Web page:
Whipped cream made from lactic acid bacteria, anyone?

BioTechniques News
Beatrice Bowlby

The future of eating sustainably is turning out to be quite luxurious as researchers from the University of Copenhagen (Denmark) have used lactic acid bacteria strains to make a sustainable heavy whipping cream.

Picture yourself enjoying a steamy cup of cocoa in your favorite mug while sitting in front of your fireplace (or in front of a TV with a fireplace video playing on your laptop, connected by an HDMI cable). You go to add some whipped cream to your cocoa as the finishing touch, but this is not your ordinary whipped cream or even your ordinary plant-based whipped cream, this one is made from bacteria.

Mimicking whipped cream made from dairy is no mean feat, as it’s silky smooth and airy, but it also needs to be able to whip into a stiffer consistency that can hold its shape in a cake. “The most difficult aspect of developing an alternative food is getting the texture right,” said Jens Risbo, lead author of the study. “Whipped cream undergoes a unique transformation that occurs in a complex system where a high saturated fat content makes it possible to whip the cream stiff.”

This research group has been using lactic acid bacteria as tiny building blocks to create food and has now illustrated that these can be used to create both a fluffy and stiff alternative to whipped cream. Lactic acid bacteria can be found in many places and are feared by beer brewers; some live on plants while others are found on human and animal mucous membranes. In fact, these bacteria are already utilized in the food industry to culture yogurt and preserve cold cuts. But now, the bacteria are taking center stage as the building blocks for indulgence – whipped cream.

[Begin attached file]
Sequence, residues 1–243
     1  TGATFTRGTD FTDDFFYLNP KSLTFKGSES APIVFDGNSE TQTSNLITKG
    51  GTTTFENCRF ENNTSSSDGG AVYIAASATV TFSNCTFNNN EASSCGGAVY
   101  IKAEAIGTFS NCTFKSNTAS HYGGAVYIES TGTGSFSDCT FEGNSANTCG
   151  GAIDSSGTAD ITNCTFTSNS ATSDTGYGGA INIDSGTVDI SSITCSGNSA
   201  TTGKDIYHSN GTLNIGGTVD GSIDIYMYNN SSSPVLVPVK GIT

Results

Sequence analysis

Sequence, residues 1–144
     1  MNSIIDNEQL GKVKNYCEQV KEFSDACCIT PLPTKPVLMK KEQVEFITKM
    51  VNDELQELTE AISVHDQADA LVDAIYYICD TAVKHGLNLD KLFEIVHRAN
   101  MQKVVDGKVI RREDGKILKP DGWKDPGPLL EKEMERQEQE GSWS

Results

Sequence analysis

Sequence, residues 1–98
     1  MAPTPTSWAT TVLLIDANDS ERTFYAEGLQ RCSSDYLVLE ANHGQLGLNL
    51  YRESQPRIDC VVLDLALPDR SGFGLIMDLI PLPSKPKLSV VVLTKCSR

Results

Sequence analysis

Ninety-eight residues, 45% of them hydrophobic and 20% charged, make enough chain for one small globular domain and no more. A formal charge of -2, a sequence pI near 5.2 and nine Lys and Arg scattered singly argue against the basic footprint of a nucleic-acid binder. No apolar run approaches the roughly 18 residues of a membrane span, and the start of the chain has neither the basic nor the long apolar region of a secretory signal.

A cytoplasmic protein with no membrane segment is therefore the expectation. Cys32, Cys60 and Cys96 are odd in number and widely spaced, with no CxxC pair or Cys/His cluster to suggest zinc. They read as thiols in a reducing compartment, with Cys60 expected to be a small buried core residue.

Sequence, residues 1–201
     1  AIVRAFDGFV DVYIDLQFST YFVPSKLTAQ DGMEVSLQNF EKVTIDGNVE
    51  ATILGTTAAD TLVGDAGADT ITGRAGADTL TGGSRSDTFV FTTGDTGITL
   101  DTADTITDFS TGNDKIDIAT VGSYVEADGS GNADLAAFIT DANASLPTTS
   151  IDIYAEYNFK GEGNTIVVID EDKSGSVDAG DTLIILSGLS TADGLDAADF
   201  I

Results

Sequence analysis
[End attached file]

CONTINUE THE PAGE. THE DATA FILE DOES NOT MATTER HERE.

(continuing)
“We usually associate bacteria with something to keep away from food,” said Risbo. “But here, we base a beloved food product on good bacteria found in nature. This has never been seen before. This is advantageous, both because it is a renewable resource grown in a tank, and because it creates a healthier, less energy dense, fat-free product.”

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‘Normal’ whipped cream forms because fat globules in cream clump together during whipping so that the resultant foam is stabilized, providing the needed strength to stand and not let the liquid drain out. A lot of fat globules are needed to achieve this consistency, hence heavy whipping cream has a fat content of 38%. Non-dairy alternatives to whipped cream currently rely on other sources that have a high content of saturated fats, such as coconut or palm fat, which are imported from the tropics. The researchers wanted to find a sustainable way to make whipped cream with a lower fat content than those currently on offer.

The researchers used two strains of bacteria, Lactobacillus delbrueckii subs. lactis ATCC 4797 (LBD) and Lactobacillus crispatus DSM20584 (LBC), to create two types of whipped cream, which needs just four ingredients: water, bacteria, a bit of milk protein and a single thickener.

The bacteria were combined with food-grade components to make whipping cream-like suspensions. The lactic acid bacteria are similar in size to the fat globules that form in dairy cream, allowing them to replace the fat content. Confocal laser scanning microscopy was used to analyze the microstructure of the resulting cream, namely the spacing and sizing of air bubbles, and confirmed that it was highly comparable to cream.

LBC is more hydrophilic and resulted in a softer foam, while LBD has more hydrophobic properties and formed a stiffer foam that can produce peaks – perfect for piping!

Risbo highlighted that this cream is a proof-of-concept and not the end of the road for bacteria-based food. It provides insight into how non-dairy sources can be used in innovative ways for more sustainable options.

Risbo concluded, “We’ve shown that bacteria can be used to create the right structure. Now that we understand the context and have learned which surface properties are important, it opens up the possibility of using many other things from nature. This could be yeast residue from brewing, or perhaps small building blocks that we extract from plants. This would make the product very sustainable.”

I just hope that this bacteria-based cream tastes as good as the real deal!

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